CORLISS: If you're an investor, where you want to go is somewhere where there are problems that are solvable, but those problems are scaring away other investors. Right now a lot of people you hear are leaving Iraq. A lot of people in Iraq are doing business and happy to see there's less competition. These problems are solvable.

You want to go into a town and do business in that town, be invited to that town, partner locally, and you can operate there. When I was invited to these factories and to small businesses all around Iraq, and I've been every part of that country, I was invited first. And I went and I had wonderful trips and wonderful experiences and helped build businesses throughout that country.

CAFFERTY: To what degree, though, is the kind of scenario you're describing contingent on the satisfactory political and military outcome of what's going on over there right now? If that country degenerates into some sort of civil war among the Kurds and the Sunnis and the Shiites, if they can't get together on some kind of a governmental entity to hand this thing off to on June 30, if the insurgents continue to kidnap and murder civilians, how far is the economy going to get then?

CORLISS: I think you've let a wonderful Pandora out of the box by opening Iraq to the free market. And you can't put that back, thankfully. Iraqis are thrilled to be able to buy satellite dishes, cellular phones. I'm not an expert on what's going to happen in the next few years. You have plenty of people on television questioning that. But what I see is 25 million people who are thrilled to be able to buy what they want and sell the products that they make to whomever they want.

CAFFERTY: Do they hate the Americans being there, and are they afraid of the insurgents?

CORLISS: I have so many Iraqi friends that I feel guilty that I haven't e-mailed them all since I got back. So I don't see that. What you see on television, unfortunately, is when you see people causing trouble, you don't see the 99 percent of people who aren't causing trouble, who instead are standing outside the Iraqi business center waiting to get in to talk about how to get a small business loan. You're seeing the students, the 6000 students at the University of Baghdad, where I actually went with Secretary Evans from the Department of Commerce, and helped rebuild that school. In conjunction with the Department of Commerce and The Business Roundtable, we put over $2 million worth of computer equipment and textbooks and generators to rebuild that school. And they now have 6000 business students there learning free market business. You just don't see that as much on TV.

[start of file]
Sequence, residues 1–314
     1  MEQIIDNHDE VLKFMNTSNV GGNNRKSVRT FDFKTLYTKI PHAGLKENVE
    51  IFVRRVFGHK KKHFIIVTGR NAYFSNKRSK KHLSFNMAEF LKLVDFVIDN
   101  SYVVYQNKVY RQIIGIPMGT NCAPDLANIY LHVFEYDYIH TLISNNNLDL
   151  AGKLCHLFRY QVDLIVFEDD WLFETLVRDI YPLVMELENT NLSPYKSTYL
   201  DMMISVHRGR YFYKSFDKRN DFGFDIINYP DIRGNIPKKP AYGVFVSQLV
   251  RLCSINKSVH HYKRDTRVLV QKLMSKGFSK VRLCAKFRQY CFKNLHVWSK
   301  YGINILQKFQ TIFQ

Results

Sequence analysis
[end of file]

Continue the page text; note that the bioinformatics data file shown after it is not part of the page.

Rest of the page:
LISOVICZ: But Glenn, there may be pent-up demand in Iraq and the majority may in fact be happy that Americans are there and Saddam Hussein is gone, but you can't buy anything unless you have the money to do so. What shape is the economy in right now? Do Iraqis really have spending power?

CORLISS: Yes, to a great extent. Take a look at the payroll of state-owned employees. The average payroll right now of a state-owned employee is $120 a month. While in New York City, that isn't going to go very far, I admit, that goes incredibly far in Iraq. It's a different economy over there that is growing. You can see it. If the lines outside the cellular phone stores are incredibly long, satellite dishes are popping up all over that country. They have to buy those products. People are working, and more and more they're working. The unemployment rate is dropping by all statistics, even the World Bank is saying now that the 28 percent, 25 percent, maybe even below 20 percent unemployment rate is a more realistic statistic, where it was over 50 percent before the war.

LISOVICZ: It's refreshing to hear good news out of Iraq. Glenn Corliss, an adviser to the Coalition Provisional Authority's private sector development team and also a sergeant in the U.S. Army Reserves, just back from Iraq. Thanks so much for joining us.

CORLISS: Thank you for having me.

IN THE MONEY will be right back after this break. Coming up, the movie rental that's always in stock, Netflix is working on a new way to beat video late fees. See what that means for the company.

Plus the type A with a B.A., find out how the pressure of getting into a top college can kill the thrill of education.

And the anti-Martha, actress Suzanne Somers is proving that being less than perfect can be good business. We'll show you why, it's a good thing.

(COMMERCIAL BREAK)

LISOVICZ: Now let's look at the week's top stories in our "Money Minute." The hefty tax refunds many were predicting this year didn't exactly come true for millions of Americans. Experts thought the bush tax codes would boost refunds an average 25 percent compared to last year. But so far the average refund is up just 5 percent. Former New York Stock Exchange Chairman Dick Grasso may have to fight to keep from having to pay back about $140 million in salary. Published reports say New York State Attorney General Eliot Spitzer has subpoenaed many of the former NYSE directors who signed off on that hefty pay package. The controversy over Grasso's pay, of course, led to his ouster late last year.